When RF energy is discussed below as a closure means, it will be understood that other methods or means of heating the tissue of the PFO can include utilization of the following: optical, laser, acoustic, ultrasonic, hot fluid, resistive, microwave, or other means of heating the tissues. While reference has been made to closing a PFO, it will be understood in light of the disclosure provided herein that the principles disclosed herein can apply to closure of other tissue openings, such as an Atrial Septal Defect (ASD) or other openings in cardiac or other tissues. Furthermore, the principles disclosed herein can apply to the joining of tissues, i.e. not necessarily closing an opening, but simply joining tissue to other tissue. Examples include tubal ligation, vascular ligation, wound or defect closure, and others. Also the terms for “electrodes”, “anchors”, or “clamps” are generally used interchangeably.

In addition to the above, the present invention also generally relates to methods, systems, and devices for navigating, determining the location, and evaluating the closure state of the PFO. For instance, in one configuration, as illustrated in FIG. 10, a medical device 600 including various ports can be used to provide various benefits and capabilities. In the illustrated embodiment, medical device 600 can include a left atrial anchor 602 coupled to a left anchor delivery shaft or stem 604, a right atrial anchor 606 coupled to a right anchor delivery shaft 608, and a delivery catheter 610 configured to facilitate placement of the left and right anchors 602, 606 adjacent to an internal tissue opening. Delivery catheter 610 can be sized and configured to enable right anchor delivery shaft 608 to be partially housed and movable therein. Delivery catheter 610 can also include one or more ports 618, 620 sized and configured to enable a fluid, such as bubbles 624, to be delivered therefrom.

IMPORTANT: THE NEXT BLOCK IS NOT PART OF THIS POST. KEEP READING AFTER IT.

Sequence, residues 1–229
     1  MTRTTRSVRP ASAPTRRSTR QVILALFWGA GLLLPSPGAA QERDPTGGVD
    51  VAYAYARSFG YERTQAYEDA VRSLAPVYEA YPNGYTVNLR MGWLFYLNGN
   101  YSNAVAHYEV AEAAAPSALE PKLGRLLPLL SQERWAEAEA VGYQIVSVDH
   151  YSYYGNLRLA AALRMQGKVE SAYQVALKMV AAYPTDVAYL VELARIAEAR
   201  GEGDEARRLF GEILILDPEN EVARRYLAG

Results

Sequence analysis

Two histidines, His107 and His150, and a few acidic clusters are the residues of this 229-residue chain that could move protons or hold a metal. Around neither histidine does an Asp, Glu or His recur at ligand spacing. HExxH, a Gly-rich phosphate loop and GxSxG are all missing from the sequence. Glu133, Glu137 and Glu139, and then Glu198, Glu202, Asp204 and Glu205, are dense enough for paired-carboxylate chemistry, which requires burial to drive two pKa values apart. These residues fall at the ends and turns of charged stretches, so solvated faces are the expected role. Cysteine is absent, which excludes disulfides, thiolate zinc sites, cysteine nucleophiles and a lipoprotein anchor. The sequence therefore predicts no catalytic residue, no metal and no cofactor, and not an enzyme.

Right anchor delivery shaft 608 can be sized and configured to enable left anchor delivery shaft 604 to be partially housed and movable therein. Right anchor delivery shaft 608 can also include one or more ports 614, 616 sized and configured to enable a fluid 622 to be delivered therefrom. Likewise, left anchor delivery shaft 604 can include one or more ports 612 sized and configured to enable a fluid to be delivered therefrom.

General functions and characteristics of ports 620, 618, 614, and 612 can be learned from the following disclosure. While reference is made to “ports” generally, it will be appreciated that the foregoing description of configurations, locations, and functions of ports can be applied to ports 620, 618, 616, 614, and 612. In general, an element can include various numbers of ports, and the ports can be positioned in their respective element in a desired location. For example, a element can include a single port, or alternatively, an element can include multiple ports, such as ports 612 in delivery shaft 604, or ports 614, 616 in delivery shaft 608, positioned at various locations along the length and/or perimeter of the respective element. In yet another embodiment, a plurality of ports can be concentrated at a distal tip of an element, can be distributed evenly over a certain length, or any combination thereof.

Ports can be in fluid communication with the external portion of the device and coupled to a fluid supply such that fluid from the fluid supply can be delivered through the ports. Ports can be formed in a single lumen or can be the only port formed in a lumen such that various different types of fluids can be delivered. For example, in one embodiment, ports 612 can be formed in a single lumen, such that fluid from a single source can be expelled from ports 612. Alternatively, ports 612 can each be formed in a separate and distinct lumen, such that different fluids can be expelled from each port 612. Likewise, port 614 and port 616 can be formed in a single lumen so as to be in fluid communication with each other, or can be formed in separate and distinct lumens. Ports 618 and 620 can likewise be configured.